How Collective Data Contributes to The Science of Breeding Healthier Dogs

By Guest | November 16, 2017 2:00 pm

3 Month Old “Samba,” is genetically free of the gene that leads to Primary Lens Luxation, a blinding eye disease affecting the lens.

By Katherine Leviste

Next Thursday, T.V. viewers across the country will watch Nova Scotia Duck Tolling Retrievers,  Portuguese Water Dogs, and other purebreds trot around the Greater Philadelphia Expo Center in a Thanksgiving tradition that ranks right up there with parades and football: the National Dog Show. As the dogs sit, stand, and jog, licensed judges evaluate them based on a set of standard character and physical appearance expectations for each breed.

Behind those expectations lie a collection of inherited factors that influence the competition dogs’ bone structure, movement, and behavior. These characteristics and the genetics behind them are hot topics in the realm of dog shows and performance sports such as agility and tracking. Yet research on these traits across populations and generations remains a challenge: while most purebred dog breeders keep meticulous records of their own dogs’ health and performance, accessibility to these records is limited to those active in the show or performance circuits

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CATEGORIZED UNDER: Citizen Science

Citizen Science + Science Centers

By Sarah Newman | November 9, 2017 10:05 am
UNESCO

November 10th is World Science Day, presented by UNESCO, AND Science Museum Day, presented by the International Science Center.

To celebrate, SciStarter’s editors have selected six citizen science projects organized by science centers. You can do several of these from the comfort of home.

Thank you for making the world a better place.

Peace,
The SciStarter Team

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Spooktacular Citizen Science

By Sarah Newman | October 28, 2017 4:07 pm
Shaker Village

Treat yourself with citizen science this Halloween. Take a stroll through a pumpkin patch to look for insects or spend a night under the stars watching bats. Staying indoors? Map craters on the moon for NASA!

Grab a few sweets from the candy dish and scroll through our editor’s picks below. You’re sure to find a project to enjoy. And that’s no trick!
Cheers!
The SciStarter Team
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CATEGORIZED UNDER: Citizen Science, Environment

Support Bat Week Through Citizen Science

By Kristin Butler | October 24, 2017 3:52 pm

Editor’s Note: Today starts the beginning of Bat Week and there are many opportunities for citizen scientists to get involved. Below, we have reposted an article from 2015 on the popular online project Bat Detective. Want to support more bat projects? Check out SciStarter to find a list of fun possibilities.  Read More

CATEGORIZED UNDER: Citizen Science, Living World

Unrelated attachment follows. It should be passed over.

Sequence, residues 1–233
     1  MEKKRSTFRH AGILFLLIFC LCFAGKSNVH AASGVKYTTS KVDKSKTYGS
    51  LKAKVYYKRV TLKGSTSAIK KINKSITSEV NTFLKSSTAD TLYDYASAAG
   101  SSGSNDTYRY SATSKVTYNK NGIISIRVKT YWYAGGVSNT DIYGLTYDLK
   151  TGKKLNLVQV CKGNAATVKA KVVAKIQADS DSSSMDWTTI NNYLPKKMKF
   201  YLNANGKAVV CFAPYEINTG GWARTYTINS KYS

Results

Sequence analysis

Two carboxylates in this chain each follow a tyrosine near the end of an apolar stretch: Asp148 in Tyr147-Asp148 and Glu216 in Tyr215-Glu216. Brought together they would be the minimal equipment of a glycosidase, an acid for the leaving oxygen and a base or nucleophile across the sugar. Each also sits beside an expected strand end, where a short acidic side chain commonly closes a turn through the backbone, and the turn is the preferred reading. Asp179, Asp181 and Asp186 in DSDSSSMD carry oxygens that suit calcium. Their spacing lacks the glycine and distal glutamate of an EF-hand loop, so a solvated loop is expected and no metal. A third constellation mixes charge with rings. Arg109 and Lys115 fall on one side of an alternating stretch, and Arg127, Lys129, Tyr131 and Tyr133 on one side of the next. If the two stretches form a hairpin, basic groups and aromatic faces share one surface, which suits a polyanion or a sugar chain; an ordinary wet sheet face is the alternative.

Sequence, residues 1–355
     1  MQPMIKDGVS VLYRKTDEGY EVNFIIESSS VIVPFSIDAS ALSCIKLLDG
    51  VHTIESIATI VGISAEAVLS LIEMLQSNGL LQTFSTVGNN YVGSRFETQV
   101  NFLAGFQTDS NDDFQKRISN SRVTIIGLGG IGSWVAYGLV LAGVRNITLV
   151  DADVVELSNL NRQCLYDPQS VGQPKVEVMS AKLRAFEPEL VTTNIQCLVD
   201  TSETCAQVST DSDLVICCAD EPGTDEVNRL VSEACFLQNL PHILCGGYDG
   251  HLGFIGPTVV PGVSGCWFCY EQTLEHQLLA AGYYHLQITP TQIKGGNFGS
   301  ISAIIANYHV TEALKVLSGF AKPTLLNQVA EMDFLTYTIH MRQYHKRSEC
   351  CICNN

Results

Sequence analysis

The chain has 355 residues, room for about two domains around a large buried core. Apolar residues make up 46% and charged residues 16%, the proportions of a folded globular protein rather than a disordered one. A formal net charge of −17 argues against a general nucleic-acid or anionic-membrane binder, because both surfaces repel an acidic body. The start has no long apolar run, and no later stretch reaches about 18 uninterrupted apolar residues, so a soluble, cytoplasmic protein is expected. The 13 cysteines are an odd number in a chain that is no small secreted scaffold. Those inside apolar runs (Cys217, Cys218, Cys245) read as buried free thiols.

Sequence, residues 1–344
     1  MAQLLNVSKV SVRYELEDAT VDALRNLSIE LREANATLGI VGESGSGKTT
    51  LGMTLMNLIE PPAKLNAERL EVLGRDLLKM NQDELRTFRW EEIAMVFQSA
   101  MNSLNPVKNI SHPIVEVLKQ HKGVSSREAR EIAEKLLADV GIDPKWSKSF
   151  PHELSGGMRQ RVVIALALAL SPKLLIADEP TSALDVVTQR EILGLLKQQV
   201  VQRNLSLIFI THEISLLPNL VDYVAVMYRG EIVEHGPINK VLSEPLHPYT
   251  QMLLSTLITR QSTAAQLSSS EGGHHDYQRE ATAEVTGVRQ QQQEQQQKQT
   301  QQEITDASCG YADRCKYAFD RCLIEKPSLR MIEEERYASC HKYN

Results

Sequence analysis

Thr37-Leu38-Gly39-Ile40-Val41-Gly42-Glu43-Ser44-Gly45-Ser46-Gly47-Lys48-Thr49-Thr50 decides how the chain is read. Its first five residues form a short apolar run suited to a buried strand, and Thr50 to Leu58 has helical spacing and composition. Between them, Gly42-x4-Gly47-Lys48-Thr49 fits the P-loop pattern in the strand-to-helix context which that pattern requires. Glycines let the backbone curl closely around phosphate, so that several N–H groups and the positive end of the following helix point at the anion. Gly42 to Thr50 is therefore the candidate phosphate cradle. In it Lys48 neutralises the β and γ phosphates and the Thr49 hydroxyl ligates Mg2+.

An Autumn Bounty of Citizen Science

By Sarah Newman | October 14, 2017 4:10 pm
Season Spotter

Birds and monarchs are migrating and leaves are changing color. Fall is in full swing! Unfortunately, hurricanes are forming and flu season is here too.

Help scientists document nature and health changes near you to study and predict future trends.
Our editors selected five projects to get you started. Find more citizen science projects on SciStarter’s Project Finder.
Cheers!
The SciStarter Team
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Mobilize hundreds of years of biodiversity information with WeDigBio!

By Guest | October 12, 2017 4:59 pm

By: Dr. Libby Ellwood

Each year, millions of people flock to natural history museums to see examples of plants, animals, gemstones and more from places around the world. But what those visitors *don’t* get to see are the countless additional specimens behind the scenes.

These specimen collections, housed at museums, universities, and other institutions, are an invaluable resource for understanding biodiversity around the world over long spans of time. Yet billions of these specimens lie tucked carefully away in cabinets and shelves, largely inaccessible to all but the few researchers with the means to view these collections in person. This makes the valuable data contained in and on those specimens difficult to search for, compromising their usefulness in research and education.  Read More

CATEGORIZED UNDER: Citizen Science, Events

From Tide-pooling to Shark Diving, Citizen Science with Ocean Sanctuaries

By Kristin Butler | October 5, 2017 10:58 am

Tiffany Poon dives with sharks. In fact, it’s one the biggest highlights of her diving year.

“As soon as the first one appears, usually in spring, I’ll be at La Jolla Cove spending as much time as possible with them,” Poon says. “Sometimes they’re shy and keep their distance, but often they’ll come by close enough for a nice photograph, and every now and then come in close to eyeball me with my strange camera.”

Poon is a citizen scientist for Ocean Sanctuaries, a nonprofit dedicated to researching and protecting sharks and other marine species. Read More

CATEGORIZED UNDER: Citizen Science, Living World

What’s in your water?

By Sarah Newman | October 3, 2017 8:05 am
World Water Monitoring
World Water Monitoring

Our dependency on clean water is something we all have in common.

In celebration of the Clean Water Act’s 45th anniversary (October 18), we’ve selected six citizen science opportunities to monitor the vitality of water near you.

Find more citizen science projects on SciStarter’s Project Finder.

 

Cheers!

The SciStarter Team

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CATEGORIZED UNDER: Citizen Science, Environment
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